I have an important request to make

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I have an important request to make

RedWolf
Woodsrunner
Woodsrunner
Joined: 25 Jul 2013, 06:54

20 Feb 2014, 21:05 #1

Hello all.
I have for some time now been in the process of writing a book about black powder firearms. I have learned a lot from y'all, and was wondering if y'all would mind my using the information I have gleaned from y'all in my book? I will gladly give due credit to the members of this forum, as I intend to do anyways, regardless of the outcome of this post.

Also, I would be most grateful for any sources of information that y'all could provide to me, as my own collection is potent, but small, and I wish to provide accurate information regarding the history, developments, and methods of use of these historic firearms.

Kind of going out on a limb here.

I also have a knack for finding obscure businesses that sale supposedly working and fairly accurate reproductions of many of these arms. I have been considering sending out requests to possibly review some of these for my book, and possibly trying to get articles published on them in more conventional sources.

I have come to greatly appreciate and rely on the members of this forum for sound and knowledgeable advice, and I am not afraid to now beg for more of the same.

My thanks, and good tidings to all.
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Le_Loup
Captain of Scouts
Captain of Scouts
Joined: 09 Nov 2010, 06:56

20 Feb 2014, 22:53 #2

I do not have a problem with you using my material so long as you make sure the quote is correct & the info up to date. I have been doing this for a long time now, & I have a lot of old posts still out there.
Just a suggestion: Use the right terminology for gun parts as used in their particular period, which is different to what they are called today. You can still put the modern term in brackets, such as (Frizzen).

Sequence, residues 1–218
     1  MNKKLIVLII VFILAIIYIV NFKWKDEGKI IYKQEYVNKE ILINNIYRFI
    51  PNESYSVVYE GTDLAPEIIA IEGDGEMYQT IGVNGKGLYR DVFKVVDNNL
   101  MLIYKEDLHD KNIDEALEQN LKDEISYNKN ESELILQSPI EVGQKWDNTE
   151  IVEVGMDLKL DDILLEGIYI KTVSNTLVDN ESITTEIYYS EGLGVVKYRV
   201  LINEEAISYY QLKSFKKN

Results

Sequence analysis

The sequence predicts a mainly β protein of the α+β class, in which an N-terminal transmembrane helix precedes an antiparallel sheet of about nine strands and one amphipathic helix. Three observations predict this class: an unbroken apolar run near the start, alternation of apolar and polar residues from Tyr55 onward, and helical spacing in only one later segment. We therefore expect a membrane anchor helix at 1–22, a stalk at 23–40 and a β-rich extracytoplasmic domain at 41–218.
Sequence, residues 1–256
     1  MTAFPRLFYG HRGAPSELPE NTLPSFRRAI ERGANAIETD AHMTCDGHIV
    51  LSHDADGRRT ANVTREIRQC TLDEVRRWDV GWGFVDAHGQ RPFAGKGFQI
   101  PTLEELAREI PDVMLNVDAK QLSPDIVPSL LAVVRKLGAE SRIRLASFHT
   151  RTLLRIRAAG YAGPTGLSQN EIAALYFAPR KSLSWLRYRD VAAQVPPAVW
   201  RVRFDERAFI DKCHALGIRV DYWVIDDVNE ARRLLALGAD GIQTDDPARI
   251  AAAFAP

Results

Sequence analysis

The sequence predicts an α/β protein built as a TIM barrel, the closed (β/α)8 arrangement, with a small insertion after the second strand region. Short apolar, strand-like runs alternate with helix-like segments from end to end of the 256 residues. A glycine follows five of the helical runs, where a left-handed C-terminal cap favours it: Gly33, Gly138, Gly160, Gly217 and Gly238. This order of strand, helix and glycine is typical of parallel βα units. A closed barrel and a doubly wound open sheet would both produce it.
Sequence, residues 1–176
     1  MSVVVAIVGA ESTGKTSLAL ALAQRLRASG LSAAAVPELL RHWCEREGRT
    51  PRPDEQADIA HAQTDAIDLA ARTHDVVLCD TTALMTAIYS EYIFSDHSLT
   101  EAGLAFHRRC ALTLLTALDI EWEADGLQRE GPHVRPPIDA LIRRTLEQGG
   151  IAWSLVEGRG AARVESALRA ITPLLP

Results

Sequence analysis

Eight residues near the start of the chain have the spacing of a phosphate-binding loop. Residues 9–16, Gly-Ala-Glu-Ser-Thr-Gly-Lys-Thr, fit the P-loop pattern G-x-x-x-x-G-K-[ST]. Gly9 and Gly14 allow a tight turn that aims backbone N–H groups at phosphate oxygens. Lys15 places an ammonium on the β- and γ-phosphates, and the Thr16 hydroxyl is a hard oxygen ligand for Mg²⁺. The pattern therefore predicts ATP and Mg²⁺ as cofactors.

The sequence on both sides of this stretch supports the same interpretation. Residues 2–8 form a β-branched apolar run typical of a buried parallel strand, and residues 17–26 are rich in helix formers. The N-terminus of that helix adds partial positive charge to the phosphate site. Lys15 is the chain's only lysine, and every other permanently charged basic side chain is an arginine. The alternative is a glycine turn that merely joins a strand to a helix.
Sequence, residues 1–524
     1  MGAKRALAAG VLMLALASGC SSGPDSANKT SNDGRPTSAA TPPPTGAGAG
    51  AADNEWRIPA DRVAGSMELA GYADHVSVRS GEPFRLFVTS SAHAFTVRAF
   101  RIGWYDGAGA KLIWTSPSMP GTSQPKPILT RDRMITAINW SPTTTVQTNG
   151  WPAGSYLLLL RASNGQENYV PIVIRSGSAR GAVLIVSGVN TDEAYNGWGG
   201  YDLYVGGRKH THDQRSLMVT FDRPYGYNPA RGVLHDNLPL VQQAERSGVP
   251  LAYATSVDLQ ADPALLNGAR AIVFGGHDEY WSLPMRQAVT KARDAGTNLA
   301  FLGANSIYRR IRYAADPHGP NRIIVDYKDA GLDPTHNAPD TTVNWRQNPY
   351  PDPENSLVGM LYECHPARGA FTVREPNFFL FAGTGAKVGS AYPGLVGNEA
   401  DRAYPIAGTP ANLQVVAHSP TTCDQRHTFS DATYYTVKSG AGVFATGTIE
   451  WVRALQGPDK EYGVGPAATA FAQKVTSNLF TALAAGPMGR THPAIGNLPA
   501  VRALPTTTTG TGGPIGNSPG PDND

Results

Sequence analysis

Here is the name of some original books that I use Red Wolf: An Essay On Shooting 1789. and The Shooter's Guide 1816. Check out the modern books by Sam Fadala.
Make sure you double check everything, a mistake in this subject could be dangerous. Get someone else to read through it for you, several people if you can.
Feel free to ask questions here, probably best in the "Period Guns" forum, that way everyone can learn.
Best of luck mate.
Keith.
Two roads diverged in a wood, and I took the one less traveled by,
and that has made all the difference.

Robert Frost.

Captain, Armidale NSW Australia chapter.
http://woodsrunnersdiary.blogspot.com.au/
http://australiansurvivalandpreppers.blogspot.com.au/
https://www.youtube.com/channel/UCHEOMS ... _as=public
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RedWolf
Woodsrunner
Woodsrunner
Joined: 25 Jul 2013, 06:54

23 Feb 2014, 19:52 #3

My thanks. I have been having several people read and discuss my writings with me so, so that has been a huge help.
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RedWolf
Woodsrunner
Woodsrunner
Joined: 25 Jul 2013, 06:54

02 Apr 2014, 15:07 #4

I managed to pick up a copy of Essay on Shooting! I have read about a dozen pages so far, and have already picked out some very cool information that should help me with both my book and forge. Many thanks, LeLoup.
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RedWolf
Woodsrunner
Woodsrunner
Joined: 25 Jul 2013, 06:54

02 Apr 2014, 17:26 #5